“The Framers Would Have Wanted Us to Change the Constitution”

Wilfred Codrington III in The Atlantic:

On Monday, the Supreme Court will begin a new term. The justices are slated to consider a few extremely consequential issues, including in cases concerning abortion and guns. But if the opinions issued at the end of the most recent sitting taught us anything—particularly the decision in Brnovich v. Democratic National Committee, which sapped Section 2 of the Voting Rights Act of its potency—it is this: Americans can no longer rely on the federal judiciary to safeguard their fundamental right to vote. And given the Court’s open hostility toward measures aimed at preserving U.S. democracy, legislation may be futile too. What’s left? Advocates charting a path forward should think back to the Framers. They would resort to extraordinary measures. They would consider amending the Constitution.

In general, I am no proponent of speculating what long-dead politicians would do if they were here now. There’s too much room for error, and no way of definitively proving any particular hypothesis. However, ample historical evidence exists to support the assertion that those who drafted and ratified our national charter considered it essential that the American people have the final say on its meaning. If the Court is getting it wrong, we have a civic duty to get it right, by pushing our elected lawmakers to update the Constitution in a way that promotes democracy and reflects our current values.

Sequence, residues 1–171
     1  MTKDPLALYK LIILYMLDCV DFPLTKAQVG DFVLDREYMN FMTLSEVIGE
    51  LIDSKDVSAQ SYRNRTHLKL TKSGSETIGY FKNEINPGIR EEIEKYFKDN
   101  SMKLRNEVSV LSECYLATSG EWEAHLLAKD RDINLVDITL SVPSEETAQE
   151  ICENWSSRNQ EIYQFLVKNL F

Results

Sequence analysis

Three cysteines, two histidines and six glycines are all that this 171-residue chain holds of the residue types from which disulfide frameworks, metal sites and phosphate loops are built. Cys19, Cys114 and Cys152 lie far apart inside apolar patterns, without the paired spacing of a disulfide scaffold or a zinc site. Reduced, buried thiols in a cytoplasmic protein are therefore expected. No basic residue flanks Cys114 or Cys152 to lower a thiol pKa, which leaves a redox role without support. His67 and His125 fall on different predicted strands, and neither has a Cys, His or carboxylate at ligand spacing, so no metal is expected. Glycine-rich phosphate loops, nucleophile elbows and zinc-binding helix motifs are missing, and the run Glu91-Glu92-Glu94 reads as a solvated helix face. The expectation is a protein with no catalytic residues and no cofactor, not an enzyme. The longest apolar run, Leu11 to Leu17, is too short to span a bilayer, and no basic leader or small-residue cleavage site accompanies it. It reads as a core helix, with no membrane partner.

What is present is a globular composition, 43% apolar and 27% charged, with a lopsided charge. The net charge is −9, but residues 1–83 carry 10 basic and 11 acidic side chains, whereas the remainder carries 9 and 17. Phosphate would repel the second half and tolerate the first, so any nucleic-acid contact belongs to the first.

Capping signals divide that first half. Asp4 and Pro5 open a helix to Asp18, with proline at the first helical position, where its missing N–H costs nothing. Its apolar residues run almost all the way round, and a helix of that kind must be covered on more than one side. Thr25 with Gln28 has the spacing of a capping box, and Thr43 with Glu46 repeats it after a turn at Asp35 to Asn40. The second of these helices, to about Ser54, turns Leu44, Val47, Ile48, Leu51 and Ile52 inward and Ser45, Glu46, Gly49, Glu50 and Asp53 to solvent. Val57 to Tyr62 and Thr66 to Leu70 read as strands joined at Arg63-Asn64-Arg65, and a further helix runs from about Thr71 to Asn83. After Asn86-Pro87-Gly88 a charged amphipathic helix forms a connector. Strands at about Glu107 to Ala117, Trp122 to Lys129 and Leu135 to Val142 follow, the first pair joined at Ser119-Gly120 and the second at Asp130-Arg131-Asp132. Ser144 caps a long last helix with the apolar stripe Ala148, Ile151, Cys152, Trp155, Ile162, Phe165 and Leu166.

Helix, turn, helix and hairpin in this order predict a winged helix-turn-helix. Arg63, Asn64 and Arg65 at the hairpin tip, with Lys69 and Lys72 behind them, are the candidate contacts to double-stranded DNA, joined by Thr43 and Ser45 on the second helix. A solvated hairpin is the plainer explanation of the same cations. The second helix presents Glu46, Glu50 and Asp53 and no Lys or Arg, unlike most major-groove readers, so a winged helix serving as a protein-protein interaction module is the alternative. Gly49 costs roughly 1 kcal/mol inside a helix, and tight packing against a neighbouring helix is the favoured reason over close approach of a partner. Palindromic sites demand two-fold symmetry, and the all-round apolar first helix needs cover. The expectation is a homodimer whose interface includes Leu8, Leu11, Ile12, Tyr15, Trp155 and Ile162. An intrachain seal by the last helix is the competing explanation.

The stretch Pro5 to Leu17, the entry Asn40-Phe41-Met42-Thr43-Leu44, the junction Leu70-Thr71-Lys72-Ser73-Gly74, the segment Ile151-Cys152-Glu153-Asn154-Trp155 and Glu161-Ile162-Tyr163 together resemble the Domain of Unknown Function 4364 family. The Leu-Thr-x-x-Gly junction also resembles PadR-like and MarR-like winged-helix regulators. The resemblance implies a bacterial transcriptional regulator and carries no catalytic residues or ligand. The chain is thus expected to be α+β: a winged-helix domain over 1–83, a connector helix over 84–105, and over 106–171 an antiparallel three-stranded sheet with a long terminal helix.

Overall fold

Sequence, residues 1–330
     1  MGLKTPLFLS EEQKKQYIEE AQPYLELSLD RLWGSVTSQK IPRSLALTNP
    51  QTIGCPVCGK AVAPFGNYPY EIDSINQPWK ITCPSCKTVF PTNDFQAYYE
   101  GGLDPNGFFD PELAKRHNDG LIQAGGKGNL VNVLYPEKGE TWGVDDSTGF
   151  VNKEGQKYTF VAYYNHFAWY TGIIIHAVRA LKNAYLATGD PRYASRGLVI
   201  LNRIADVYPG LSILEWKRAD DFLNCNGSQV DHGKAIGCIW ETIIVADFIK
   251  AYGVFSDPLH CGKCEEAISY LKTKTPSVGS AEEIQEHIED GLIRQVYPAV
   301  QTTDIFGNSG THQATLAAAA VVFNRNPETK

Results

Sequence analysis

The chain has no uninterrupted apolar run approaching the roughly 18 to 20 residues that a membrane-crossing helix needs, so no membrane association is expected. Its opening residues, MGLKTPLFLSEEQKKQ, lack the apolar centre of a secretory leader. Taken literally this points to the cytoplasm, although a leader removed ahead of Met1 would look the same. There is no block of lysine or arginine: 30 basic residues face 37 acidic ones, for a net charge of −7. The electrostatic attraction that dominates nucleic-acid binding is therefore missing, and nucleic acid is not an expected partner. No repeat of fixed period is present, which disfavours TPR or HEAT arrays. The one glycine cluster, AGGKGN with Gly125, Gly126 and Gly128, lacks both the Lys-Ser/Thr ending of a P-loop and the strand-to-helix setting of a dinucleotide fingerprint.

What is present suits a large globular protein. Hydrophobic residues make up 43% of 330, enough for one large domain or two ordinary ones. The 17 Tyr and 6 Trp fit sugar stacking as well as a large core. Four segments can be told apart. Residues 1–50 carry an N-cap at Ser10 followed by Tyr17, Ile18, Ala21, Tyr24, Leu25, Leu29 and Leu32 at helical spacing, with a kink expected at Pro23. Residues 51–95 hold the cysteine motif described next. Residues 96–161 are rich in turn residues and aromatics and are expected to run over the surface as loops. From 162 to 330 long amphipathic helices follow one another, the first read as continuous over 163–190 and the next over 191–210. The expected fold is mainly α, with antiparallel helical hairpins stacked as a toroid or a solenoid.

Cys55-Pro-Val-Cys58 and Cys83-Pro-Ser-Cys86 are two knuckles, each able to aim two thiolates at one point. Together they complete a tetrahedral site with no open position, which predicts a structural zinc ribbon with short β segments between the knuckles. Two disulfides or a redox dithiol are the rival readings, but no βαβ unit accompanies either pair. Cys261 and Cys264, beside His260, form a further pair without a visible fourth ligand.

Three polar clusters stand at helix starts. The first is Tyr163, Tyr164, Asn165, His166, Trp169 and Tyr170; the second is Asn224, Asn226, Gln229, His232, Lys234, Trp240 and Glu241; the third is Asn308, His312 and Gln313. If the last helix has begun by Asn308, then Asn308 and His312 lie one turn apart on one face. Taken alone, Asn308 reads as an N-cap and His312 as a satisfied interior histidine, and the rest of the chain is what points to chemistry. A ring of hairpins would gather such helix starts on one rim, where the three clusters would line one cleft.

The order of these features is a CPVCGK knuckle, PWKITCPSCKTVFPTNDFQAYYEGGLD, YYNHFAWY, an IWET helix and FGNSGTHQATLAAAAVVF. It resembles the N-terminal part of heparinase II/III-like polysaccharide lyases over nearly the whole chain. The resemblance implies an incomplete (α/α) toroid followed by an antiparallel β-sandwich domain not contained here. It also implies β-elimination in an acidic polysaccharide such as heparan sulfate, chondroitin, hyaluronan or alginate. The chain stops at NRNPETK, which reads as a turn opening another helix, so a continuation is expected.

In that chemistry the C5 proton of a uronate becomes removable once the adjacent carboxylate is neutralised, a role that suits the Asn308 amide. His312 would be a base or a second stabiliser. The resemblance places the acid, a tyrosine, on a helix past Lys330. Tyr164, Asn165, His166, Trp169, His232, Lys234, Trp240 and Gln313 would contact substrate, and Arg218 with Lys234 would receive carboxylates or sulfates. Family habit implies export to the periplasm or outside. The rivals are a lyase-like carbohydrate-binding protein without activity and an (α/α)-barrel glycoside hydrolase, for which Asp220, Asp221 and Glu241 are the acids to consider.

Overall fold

As I, along with my co-author, write in our new book, The People’s Constitution, the Framers encountered an obstinate or wayward Court repeatedly and, in the most extreme cases, they opted to amend the Constitution to enshrine enduring principles and vindicate the popular will. Perhaps the best evidence comes from the 1790s, when many of the Framers were still alive and governing. In a case known as Chisholm v. Georgia, the justices heard the plea of an executor of an estate seeking repayment for goods supplied to the state in support of the revolution. Georgia declined to respond to the suit, arguing that the common law doctrine of sovereign immunity protected it from citizen suits. The Court ultimately held that Article III’s language—that “the Judicial Power shall extend to all Cases … between a State and Citizens of another State”—meant what it says: that federal courts have jurisdiction to hear Americans’ claims for redress against states. In a prescient 1793 opinion, Justice William Cushing advised, “If the Constitution is found inconvenient in practice in this or any other particular, it is well that a regular mode is pointed out for amendment.”

Share this: